Freeway faces scrutiny

The Whitehurst Freeway, D.C. drivers’ main route from downtown to the Key Bridge in Georgetown, could be torn down following a proposal from Foggy Bottom’s city councilmember Jack Evans.

Evans’ proposal, introduced in January, would lead to the destruction of the freeway between K Street and Canal Street. The Mount Vernon Campus Shuttle buses use the freeway.

The issue has come to light because a new waterfront park is scheduled for construction in Georgetown this fall, and city leaders hope that construction will lead to a larger beautification project that includes taking down the freeway. The city is conducting a study on the impact of taking down the freeway.

“This would be a way to make (the waterfront) even better,” said Ramona Burns, Evans’ transportation coordinator for Ward 2.

Burns declined to comment on the alternatives to the freeway because the city is waiting for the study to be finished before discussing other design possibilities.

“The thing I really want to stress is that we haven’t gotten to that stage yet,” Burns said.

The District Department of Transportation said on its Web site, “This freeway is a physical barrier separating Georgetown from the waterfront. It blocks vistas of the waterfront and prevents full utilization of the Georgetown waterfront park.”

The department’s Web site also lists examples of similar projects undertaken by other major cities such as Portland’s Harbor Drive, San Francisco’s Embarcadero Freeway and Boston’s Big Dig.

“Georgetown’s waterfront is a little more developed,” Burns said, comparing the Whitehurst to other projects.

Mike Akin, GW’s director of D.C. and Foggy Bottom/West End Affairs, said the deconstruction of the freeway is not a GW issue even though Mount Vernon Shuttle buses use the route.

“We’re not going to take a position on this,” Akin said of the deconstruction. “Tearing down the freeway would happen in conjunction with a whole bunch of other transportation alternatives. There’s no reason to get excited about it.”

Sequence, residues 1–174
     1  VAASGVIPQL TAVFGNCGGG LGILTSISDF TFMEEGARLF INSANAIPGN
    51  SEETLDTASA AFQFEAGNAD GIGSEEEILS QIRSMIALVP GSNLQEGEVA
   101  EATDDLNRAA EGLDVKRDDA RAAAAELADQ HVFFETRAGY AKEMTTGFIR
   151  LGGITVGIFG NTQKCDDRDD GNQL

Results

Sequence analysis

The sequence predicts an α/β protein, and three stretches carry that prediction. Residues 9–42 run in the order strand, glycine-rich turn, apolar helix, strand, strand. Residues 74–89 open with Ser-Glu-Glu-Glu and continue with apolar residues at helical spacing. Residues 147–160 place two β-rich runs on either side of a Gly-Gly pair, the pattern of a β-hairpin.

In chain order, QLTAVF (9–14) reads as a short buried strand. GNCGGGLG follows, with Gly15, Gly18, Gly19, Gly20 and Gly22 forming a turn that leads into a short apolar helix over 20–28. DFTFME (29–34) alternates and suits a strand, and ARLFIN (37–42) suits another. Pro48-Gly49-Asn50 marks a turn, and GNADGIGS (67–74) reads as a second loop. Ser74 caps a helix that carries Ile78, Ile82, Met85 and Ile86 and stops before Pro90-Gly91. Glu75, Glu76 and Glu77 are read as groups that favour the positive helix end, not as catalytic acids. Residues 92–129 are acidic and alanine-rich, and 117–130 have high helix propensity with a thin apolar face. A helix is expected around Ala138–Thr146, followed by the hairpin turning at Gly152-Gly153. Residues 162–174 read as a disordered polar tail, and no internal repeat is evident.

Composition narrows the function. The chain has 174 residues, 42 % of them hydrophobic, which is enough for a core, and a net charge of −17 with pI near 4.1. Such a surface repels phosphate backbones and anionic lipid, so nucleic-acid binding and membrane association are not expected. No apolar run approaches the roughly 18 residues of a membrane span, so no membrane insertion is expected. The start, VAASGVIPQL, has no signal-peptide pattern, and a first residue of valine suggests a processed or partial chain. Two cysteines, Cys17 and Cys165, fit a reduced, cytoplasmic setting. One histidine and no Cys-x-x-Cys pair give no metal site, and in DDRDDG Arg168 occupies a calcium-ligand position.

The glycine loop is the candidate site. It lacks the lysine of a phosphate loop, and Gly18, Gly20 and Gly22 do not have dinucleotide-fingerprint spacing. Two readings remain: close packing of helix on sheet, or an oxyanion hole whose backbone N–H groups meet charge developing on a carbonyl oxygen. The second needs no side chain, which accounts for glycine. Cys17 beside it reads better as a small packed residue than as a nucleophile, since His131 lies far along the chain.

Proposed alternatives mentioned by DDOT include a tunnel or turning K Street into a divided highway that has a median for pedestrians. A public meeting examining these alternatives has been held, and five more are planned, including one on Wednesday at the Melrose Hotel.

Elizabeth Eliot, a member of the Foggy Bottom Association, said she attended the public meeting on April 7 where GW construction director Michele Honey made a presentation highlighting the improved public safety that would result from the destruction of the freeway. Honey could not be reached for comment.

Eliot said she herself has yet to take a position on the issue.

“I’m trying to remain neutral and ask questions,” Eliot said. “No one knows what the motivation is for this,” she added.

Barbara Spillinger, vice counsel for the FBA, said the destruction proposal is counterintuitive.

“One of the arguments is that the Whitehurst Freeway causes a barrier between Georgetown and … the waterfront,” Spillinger said.

But Spillinger said removing the freeway would create a barrier between Georgetown and the waterfront because pedestrians would have to interact with the 42,000 cars daily that use the freeway.

An FBA newsletter said the group has not yet taken an official position on the destruction proposal. It also said that members are concerned about a lack of a rationale for the study.

The newsletter also said the Whitehurst Freeway has won an award for its practicality and design.

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